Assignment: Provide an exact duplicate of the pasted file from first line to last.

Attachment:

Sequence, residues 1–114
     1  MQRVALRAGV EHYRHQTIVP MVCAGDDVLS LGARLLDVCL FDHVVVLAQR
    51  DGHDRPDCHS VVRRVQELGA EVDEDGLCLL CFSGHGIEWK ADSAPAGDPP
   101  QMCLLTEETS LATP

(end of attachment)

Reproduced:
Sequence, residues 1–114
     1  MQRVALRAGV EHYRHQTIVP MVCAGDDVLS LGARLLDVCL FDHVVVLAQR
    51  DGHDRPDCHS VVRRVQELGA EVDEDGLCLL CFSGHGIEWK ADSAPAGDPP
   101  QMCLLTEETS LATP